Fifty five years after the Royal National Life Boat Institution was formed, St Davids residents applied and were awarded their first lifeboat in 1869.
Not that the requirement for a lifeboat was a difficult decision at all. The waters off St Davids and Ramsey Island, including the notorious Bishops & Clerks rocks and reefs coupled with the very strong tides of the area had caused many a vessel to come to grief.
The area of St Davids Peninsula juts out into the Irish Sea and was and still is a noted navigation land mark. Ships from all over the world pass close to the shore as well as m any local vessels and fishing boats. Fishguard Life Boat to the North and St Davids Life Boat are the closest Welsh Lifeboats to southern Ireland and as such bear a huge responsibility for the saving of lives in the Irish Sea and St Georges Channel. In addition to sea traffic St Davids and Strumble Heads are import waypoints or navigation marks for trans-Atlantic aircraft and at times the lifeboats have been called upon for search and rescue in connection with these.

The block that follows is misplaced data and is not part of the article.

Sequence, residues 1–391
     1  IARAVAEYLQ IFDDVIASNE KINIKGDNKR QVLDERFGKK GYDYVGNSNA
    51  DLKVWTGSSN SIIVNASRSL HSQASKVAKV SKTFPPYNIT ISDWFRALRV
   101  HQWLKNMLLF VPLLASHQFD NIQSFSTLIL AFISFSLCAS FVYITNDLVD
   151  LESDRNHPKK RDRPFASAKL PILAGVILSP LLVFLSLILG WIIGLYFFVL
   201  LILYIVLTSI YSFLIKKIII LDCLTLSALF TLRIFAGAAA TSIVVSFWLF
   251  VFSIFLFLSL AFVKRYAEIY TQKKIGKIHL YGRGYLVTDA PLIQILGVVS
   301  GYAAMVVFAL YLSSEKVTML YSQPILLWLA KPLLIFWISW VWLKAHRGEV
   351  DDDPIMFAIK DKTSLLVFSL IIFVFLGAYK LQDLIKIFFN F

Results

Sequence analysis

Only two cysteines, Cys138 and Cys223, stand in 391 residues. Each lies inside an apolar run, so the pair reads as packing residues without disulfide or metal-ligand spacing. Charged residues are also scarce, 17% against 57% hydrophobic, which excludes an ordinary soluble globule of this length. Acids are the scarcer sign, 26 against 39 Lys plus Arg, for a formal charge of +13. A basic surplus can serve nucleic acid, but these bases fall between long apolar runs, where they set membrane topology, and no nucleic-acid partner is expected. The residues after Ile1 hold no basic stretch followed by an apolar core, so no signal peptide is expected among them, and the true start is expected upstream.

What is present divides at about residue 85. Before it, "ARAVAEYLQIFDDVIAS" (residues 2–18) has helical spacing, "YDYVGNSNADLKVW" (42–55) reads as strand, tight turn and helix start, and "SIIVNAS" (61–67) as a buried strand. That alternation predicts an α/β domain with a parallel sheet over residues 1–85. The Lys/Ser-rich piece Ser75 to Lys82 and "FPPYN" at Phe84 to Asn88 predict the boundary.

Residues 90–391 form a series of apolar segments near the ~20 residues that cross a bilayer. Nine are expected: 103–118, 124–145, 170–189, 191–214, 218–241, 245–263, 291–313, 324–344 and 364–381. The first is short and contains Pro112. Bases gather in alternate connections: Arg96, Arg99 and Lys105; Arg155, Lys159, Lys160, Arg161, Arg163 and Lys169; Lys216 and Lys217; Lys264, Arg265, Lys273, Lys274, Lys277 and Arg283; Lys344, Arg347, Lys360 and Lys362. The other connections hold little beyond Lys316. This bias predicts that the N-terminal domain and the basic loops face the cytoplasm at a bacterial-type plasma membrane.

In all nearly 450 lives have been saved by the St Davids Lifeboats
These pages give a brief insight to the organisation and heroism of the St Davids Life Boat. Fuller details can be obtained from ” The Story Of the St Davids Lifeboats” by Dr G W Middleton obtainable from local stores and with the proceeds donated to the RNLI.
Chronical of Lifeboats
The Augusta (1869 to 1885)
Donated by Lord Dartmouth and named after his wife the lifeboat was maned by 10 oarsmen and was 32ft long. As a life boat station had not been constructed the lifeboat was originally stationed in the middle of St Davids, some two miles from the sea and was conveyed by horse drawn carriage. For a while it was stored at Porthlysgi farm where the coxswain David Hicks lived and launched from the nearby beach.
During her period of service the Augusta was launched on service seventeen times and saved 23 lives. When the boat was retired David Hicks the coxswain purchased her and used her upside down on his farm as a chicken coup!
The Gem (1885-1910)
Costing £300 the Gem was a twelve oared and sailing lifeboat and was launched from the newly constructed slipway at St Justinians. During her period of service she was launched 19 times and saved 16 lives.